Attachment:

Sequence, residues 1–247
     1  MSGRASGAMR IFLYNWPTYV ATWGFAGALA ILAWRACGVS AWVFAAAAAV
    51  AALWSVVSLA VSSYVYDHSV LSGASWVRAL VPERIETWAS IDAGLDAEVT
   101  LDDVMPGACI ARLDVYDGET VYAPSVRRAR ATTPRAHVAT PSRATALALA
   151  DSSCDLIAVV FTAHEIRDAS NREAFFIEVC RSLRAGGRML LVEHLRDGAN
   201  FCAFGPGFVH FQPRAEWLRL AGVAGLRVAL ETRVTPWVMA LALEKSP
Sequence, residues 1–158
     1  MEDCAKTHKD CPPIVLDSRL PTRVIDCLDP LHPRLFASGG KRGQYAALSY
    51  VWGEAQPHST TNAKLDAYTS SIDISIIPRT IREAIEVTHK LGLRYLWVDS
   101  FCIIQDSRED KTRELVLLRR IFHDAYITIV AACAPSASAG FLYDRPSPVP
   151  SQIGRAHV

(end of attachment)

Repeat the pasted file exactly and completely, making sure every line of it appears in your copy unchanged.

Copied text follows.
Sequence, residues 1–247
     1  MSGRASGAMR IFLYNWPTYV ATWGFAGALA ILAWRACGVS AWVFAAAAAV
    51  AALWSVVSLA VSSYVYDHSV LSGASWVRAL VPERIETWAS IDAGLDAEVT
   101  LDDVMPGACI ARLDVYDGET VYAPSVRRAR ATTPRAHVAT PSRATALALA
   151  DSSCDLIAVV FTAHEIRDAS NREAFFIEVC RSLRAGGRML LVEHLRDGAN
   201  FCAFGPGFVH FQPRAEWLRL AGVAGLRVAL ETRVTPWVMA LALEKSP
Sequence, residues 1–158
     1  MEDCAKTHKD CPPIVLDSRL PTRVIDCLDP LHPRLFASGG KRGQYAALSY
    51  VWGEAQPHST TNAKLDAYTS SIDISIIPRT IREAIEVTHK LGLRYLWVDS
   101  FCIIQDSRED KTRELVLLRR IFHDAYITIV AACAPSASAG FLYDRPSPVP
   151  SQIGRAHV